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Sao Paulo Medical Journal

Print version ISSN 1516-3180

Abstract

OLIVEIRA, Fátima Palha de  and  PEDROSA, Roberto Coury. Ventilatory response during exercise among chronic Chagas cardiopathy patients. Sao Paulo Med. J. [online]. 2006, vol.124, n.5, pp. 280-284. ISSN 1516-3180.  http://dx.doi.org/10.1590/S1516-31802006000500010.

CONTEXT AND OBJECTIVE: The change in slope of the VE/VCO2 curve with time during exercise (VE/VCO2 slope) has been recommended as a parameter for analyzing the ventilatory response during exercise among patients with heart failure of different etiologies. The aim of this work was to evaluate the ventilatory response among patients with chronic Chagas cardiopathy. METHODS: Forty-eight patients, divided into four groups according to the Los Andes clinical/hemodynamic classification, were studied. They were also classified according to peak oxygen uptake (peak VO2) for a second analysis. The results from the patients were compared with results from a control group consisting of 21 healthy male volunteers (no Chagas disease). Exercise was performed on a cycle ergometer with loads increasing at the rate of 12.5 watts/min, and exercise duration was symptom-limited. Gas concentration and flow rate data were fed into a computer, which produced a real-time report on ventilatory and gas exchange parameters (breath-by-breath). The ventilatory parameters of VE/VCO2 slope and VE/VCO2 ratio computed at different times of the test were adopted. RESULTS: Although there were no significant differences in VE/VCO2 ratio and VE/VCO2 slope when patients were grouped using the Los Andes clinical/hemodynamic classification, these parameters varied significantly when peak VO2 was used to define patient groups. CONCLUSION: Our results indicate that progressive deterioration in ventilatory response among chronic Chagas cardiopathy patients during exercise is more evident when the functional capacity (peak VO2) is reduced, than when changes are related to the Los Andes classification.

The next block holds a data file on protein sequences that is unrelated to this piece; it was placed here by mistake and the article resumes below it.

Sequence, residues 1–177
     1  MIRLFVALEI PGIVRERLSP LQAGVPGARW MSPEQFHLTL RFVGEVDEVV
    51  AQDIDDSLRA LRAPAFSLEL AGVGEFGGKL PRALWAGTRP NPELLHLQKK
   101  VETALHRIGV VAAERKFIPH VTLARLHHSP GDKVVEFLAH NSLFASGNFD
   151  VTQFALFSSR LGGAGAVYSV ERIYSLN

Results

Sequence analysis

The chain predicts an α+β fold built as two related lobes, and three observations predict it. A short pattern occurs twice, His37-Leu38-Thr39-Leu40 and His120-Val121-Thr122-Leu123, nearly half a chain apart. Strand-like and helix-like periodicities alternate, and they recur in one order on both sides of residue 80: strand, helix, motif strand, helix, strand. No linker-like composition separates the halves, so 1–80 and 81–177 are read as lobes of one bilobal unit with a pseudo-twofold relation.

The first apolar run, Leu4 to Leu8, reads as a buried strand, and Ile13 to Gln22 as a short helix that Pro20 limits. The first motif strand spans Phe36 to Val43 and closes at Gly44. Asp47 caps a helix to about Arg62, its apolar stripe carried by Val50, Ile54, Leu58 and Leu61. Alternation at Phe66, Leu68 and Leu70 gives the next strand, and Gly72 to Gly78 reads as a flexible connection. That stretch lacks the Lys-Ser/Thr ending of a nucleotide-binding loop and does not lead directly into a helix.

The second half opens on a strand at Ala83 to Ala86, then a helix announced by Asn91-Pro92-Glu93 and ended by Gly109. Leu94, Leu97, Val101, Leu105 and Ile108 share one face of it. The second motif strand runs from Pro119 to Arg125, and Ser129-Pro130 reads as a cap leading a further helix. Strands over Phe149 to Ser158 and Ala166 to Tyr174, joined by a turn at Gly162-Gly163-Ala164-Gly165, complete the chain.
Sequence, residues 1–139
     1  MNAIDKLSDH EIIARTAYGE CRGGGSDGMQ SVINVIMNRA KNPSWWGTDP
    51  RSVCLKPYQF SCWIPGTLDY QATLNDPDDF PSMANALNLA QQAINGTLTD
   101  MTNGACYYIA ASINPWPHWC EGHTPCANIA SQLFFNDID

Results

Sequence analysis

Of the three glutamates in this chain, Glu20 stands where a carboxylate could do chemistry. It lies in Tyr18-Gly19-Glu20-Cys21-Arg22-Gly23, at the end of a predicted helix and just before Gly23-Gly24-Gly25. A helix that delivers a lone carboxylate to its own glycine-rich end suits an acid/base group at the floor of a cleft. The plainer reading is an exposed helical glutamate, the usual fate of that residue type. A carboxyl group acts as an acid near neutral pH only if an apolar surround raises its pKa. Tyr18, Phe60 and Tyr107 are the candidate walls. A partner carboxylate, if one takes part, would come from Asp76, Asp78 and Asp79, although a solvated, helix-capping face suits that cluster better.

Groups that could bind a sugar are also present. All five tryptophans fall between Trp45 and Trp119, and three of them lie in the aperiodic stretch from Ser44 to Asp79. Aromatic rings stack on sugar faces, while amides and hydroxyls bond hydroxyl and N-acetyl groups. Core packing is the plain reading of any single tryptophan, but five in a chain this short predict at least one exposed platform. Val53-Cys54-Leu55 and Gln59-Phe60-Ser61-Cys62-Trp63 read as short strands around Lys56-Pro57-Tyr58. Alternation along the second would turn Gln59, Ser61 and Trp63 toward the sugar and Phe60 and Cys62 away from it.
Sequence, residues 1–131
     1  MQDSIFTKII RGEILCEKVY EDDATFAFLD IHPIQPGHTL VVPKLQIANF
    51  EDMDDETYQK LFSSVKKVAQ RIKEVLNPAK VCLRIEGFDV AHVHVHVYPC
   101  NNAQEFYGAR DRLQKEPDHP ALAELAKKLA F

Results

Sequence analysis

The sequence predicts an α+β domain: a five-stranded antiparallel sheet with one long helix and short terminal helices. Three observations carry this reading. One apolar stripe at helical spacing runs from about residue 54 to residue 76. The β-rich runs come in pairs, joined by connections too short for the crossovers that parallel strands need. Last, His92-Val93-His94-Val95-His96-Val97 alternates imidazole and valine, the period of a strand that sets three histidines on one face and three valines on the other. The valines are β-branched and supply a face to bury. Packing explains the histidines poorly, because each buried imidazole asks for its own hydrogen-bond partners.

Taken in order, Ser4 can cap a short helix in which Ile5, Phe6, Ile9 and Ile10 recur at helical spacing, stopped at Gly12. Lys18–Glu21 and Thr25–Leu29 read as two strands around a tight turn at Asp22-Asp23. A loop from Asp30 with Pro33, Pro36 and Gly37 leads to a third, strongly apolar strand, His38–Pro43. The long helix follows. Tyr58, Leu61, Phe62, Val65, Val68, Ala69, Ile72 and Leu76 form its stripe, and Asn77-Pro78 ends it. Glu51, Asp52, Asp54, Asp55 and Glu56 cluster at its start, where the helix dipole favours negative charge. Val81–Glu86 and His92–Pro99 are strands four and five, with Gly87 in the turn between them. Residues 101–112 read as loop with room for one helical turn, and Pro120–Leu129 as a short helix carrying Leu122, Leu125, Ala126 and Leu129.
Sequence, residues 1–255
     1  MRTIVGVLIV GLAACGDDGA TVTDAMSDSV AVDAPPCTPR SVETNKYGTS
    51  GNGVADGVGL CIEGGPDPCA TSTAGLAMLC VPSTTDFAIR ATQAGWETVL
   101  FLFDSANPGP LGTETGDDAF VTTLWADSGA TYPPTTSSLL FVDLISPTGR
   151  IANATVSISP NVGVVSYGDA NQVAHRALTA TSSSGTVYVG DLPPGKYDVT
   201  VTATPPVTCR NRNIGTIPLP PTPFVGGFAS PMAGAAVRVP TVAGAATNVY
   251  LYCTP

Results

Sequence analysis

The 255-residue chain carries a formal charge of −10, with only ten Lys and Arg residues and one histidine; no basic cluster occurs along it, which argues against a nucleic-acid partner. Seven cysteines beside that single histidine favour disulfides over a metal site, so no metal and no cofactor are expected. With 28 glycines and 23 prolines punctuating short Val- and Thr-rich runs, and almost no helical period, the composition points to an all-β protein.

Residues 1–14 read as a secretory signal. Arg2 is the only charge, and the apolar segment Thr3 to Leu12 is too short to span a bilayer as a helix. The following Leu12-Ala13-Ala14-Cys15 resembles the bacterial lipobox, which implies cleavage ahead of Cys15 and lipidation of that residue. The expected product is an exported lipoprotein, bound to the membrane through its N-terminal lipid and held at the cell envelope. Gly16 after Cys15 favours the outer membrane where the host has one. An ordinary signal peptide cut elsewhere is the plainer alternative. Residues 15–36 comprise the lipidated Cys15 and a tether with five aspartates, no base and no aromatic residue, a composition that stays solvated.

Keywords : Chagas disease; Oxygen consumption; Ventilation; Carbon dioxide; Exercise test.

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